Peter Marshall on the Texas History Standards: Part One

We now move to the review of the Texas Social Studies standards written by Presbyterian minister Peter Marshall. (You can read his review here). Like David Barton, Marshall is not a historian. Yet many evangelical and fundamentalist Christians think he is a historian because he has written a providential history of early America entitled The Light and the Glory (now available in a revised and expanded edition). This book is a very popular textbook among conservative Christian homeschoolers and has been a steady seller for the Fleming H. Revell Publishing Company (a division of the evangelical publisher Baker Books) since it first appeared thirty years ago. I have written about Marshall before. If you get a chance, take a look at my piece, “Thirty Years of Light and Glory: The Perils of Providential History.”

Someone on the Texas Board of Education must really like Marshall. This is the only way to explain how a Presbyterian pastor from New England with no formal training in history became an expert reviewer for the Social Studies standards for one of the largest states in the Union.

After a lengthy section on organization and structure, Marshall stresses the importance of studying the “motivations” of why people acted in American history:

Studying history this way -telling the stories of real people and what motivated the decisions they made, and then what happened as a result of those decisions -gives the present-day student the exciting idea that he or she can influence the course of history. And that is one of the main things we are aiming at in the education of our children. We want them to reach young adulthood with the vision that they can be world changers!

This all seems well and good, until we get to see exactly what kind of “motivations” Marshall wants Texas students to study.

In our American situation it is indisputable that the motivational role of the Bible and the Christian faith was paramount in the settling of most of the original 13 colonies, notably Massachusetts, Connecticut, Rhode Island, New Hampshire, Pennsylvania, Delaware, Maryland, and Virginia. The settling of America was not “accidental” but purposeful. For example, the Pilgrims were motivated to risk their lives in coming to America because of their Christian faith, and their desire to propagate that faith in the American wilderness. Even small children need to understand that the Pilgrims were not just “people who liked to take long journeys in ships” (as one elementary history text puts it), but rather a group of people who believed in God and tried to live by the teachings of the Bible. Pilgrim Governor William Bradford made it clear that “they had a great hope and an inward zeal … of laying some good foundation … for the propagating and advancing of the Gospel of the Kingdom of Christ in those remote parts of the world.” They were not refugees thrown up on the rocky shores of New England, but missionaries with a strong sense of call and purpose. They knew exactly what they were about.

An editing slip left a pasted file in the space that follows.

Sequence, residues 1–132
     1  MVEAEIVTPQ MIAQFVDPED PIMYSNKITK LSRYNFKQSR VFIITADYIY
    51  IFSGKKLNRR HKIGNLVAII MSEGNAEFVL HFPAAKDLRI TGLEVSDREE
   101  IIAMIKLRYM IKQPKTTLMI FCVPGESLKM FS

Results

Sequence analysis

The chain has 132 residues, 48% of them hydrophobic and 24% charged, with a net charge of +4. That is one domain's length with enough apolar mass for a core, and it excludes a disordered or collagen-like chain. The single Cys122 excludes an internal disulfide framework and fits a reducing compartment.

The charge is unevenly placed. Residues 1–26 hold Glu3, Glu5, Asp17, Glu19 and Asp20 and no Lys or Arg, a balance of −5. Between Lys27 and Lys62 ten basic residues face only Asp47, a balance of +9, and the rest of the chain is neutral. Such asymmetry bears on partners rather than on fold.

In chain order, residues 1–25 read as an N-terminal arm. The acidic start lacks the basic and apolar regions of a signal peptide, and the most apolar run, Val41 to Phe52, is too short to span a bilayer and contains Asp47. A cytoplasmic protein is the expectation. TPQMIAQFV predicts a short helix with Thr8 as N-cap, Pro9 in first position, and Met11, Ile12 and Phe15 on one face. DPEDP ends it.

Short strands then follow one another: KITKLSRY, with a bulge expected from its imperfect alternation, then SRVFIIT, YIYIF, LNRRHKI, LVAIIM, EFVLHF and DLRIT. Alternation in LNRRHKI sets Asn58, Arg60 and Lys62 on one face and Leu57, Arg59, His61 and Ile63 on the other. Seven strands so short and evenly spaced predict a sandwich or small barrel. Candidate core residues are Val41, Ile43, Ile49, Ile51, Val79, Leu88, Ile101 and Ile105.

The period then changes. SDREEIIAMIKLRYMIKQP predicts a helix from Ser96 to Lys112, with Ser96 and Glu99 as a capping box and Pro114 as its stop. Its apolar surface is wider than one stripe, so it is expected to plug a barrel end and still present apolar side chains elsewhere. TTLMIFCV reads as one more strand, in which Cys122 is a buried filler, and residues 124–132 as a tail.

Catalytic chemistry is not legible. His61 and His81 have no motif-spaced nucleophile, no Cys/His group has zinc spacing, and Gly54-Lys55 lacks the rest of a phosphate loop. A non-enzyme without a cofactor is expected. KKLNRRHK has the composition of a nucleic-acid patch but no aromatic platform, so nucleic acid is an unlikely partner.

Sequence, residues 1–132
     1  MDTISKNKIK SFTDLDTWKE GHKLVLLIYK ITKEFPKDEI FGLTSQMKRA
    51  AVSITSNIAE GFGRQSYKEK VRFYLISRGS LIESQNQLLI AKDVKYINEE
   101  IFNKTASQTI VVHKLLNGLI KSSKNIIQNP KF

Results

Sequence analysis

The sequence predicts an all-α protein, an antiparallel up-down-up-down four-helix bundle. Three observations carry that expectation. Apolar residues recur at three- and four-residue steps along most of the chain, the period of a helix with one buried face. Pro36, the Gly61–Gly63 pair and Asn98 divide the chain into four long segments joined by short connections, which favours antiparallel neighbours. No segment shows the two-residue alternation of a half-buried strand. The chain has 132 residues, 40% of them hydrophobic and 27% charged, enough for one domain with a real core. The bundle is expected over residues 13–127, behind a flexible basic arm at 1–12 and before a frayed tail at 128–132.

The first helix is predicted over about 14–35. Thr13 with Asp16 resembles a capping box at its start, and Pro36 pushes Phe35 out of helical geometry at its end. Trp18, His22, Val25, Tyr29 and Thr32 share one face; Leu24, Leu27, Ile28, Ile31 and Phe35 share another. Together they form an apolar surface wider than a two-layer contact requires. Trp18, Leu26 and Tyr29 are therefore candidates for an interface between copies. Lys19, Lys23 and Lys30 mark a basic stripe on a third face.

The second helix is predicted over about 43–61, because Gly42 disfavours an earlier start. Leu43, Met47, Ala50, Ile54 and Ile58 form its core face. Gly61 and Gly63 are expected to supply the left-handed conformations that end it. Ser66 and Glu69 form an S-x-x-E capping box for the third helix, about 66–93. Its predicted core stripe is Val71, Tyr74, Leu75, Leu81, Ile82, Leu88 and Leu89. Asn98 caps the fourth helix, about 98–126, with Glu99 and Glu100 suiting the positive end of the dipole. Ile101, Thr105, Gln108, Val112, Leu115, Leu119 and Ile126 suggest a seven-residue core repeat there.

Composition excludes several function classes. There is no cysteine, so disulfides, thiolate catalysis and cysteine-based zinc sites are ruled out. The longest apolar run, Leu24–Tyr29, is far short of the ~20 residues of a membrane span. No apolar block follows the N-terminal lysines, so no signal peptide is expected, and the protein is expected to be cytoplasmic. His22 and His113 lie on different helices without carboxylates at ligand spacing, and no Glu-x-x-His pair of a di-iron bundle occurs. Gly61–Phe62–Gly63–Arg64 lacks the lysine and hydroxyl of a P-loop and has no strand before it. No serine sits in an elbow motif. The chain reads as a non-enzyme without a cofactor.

Whoa! This paragraph reads like something lifted directly from The Light and the Glory. When it comes to Massachusetts Bay and Plymouth I tend to agree with Marshall about motivations. These settlers were motivated to settle primarily for Christian reasons. This, of course does not rule out the other economic motivations that prompted settlers to come to New England and expand into places such as New Hampshire, Connecticut, and the Massachusetts frontier. Marshall needs to read the works of scholars such as David Cressy, David Jaffee, Stephen Innes, Virginia De John Anderson, and John Frederick Martin that have offered much more sophisticated and nuanced interpretations and revisions of Perry Miller’s “errand into the wilderness.”

In Pennsylvania, “the best poor man’s country in the world,” the motivation for settlement was mixed. Yes, Penn did want to establish a “Holy Experiment” that he believed would “advance the kingdom of our Lord Jesus Christ,” but he was also a businessman who saw the colony as an opportunity to make money. And why did people come to Pennsylvania? Some came for religious freedom, some came as indentured servants, but most, including the Quakers, came to accumulate land for themselves and their children. The literature on this is endless, but I still think the best book on the subject is Barry Levy’s Quakers and the American Family: British Settlement in the Delaware Valley.

And don’t get me started about Virginia. Jamestown was a mercantile colony. The settlers came to strike it rich. As T.H. Breen has put it, they were “looking our for number one.” Religion was a factor, but it was not anywhere close to a primary motivation.

Something tells me that such arguments will not deter people like Marshall from continuing to promote ideas like this:

Countless other examples from colonial America may be adduced, but the point is that the discovery, settling, and founding of the colonies happened because of the Biblical worldviews of those involved. Only when this is taken into account can America’s founding be properly understood. And, if the cause and effect relationship between people’s worldview and their actions is made an integral element of the teaching of history, then the study of American history can become inspirational for our students in regard to the formation of their own lives, rather than simply informational.

More to come…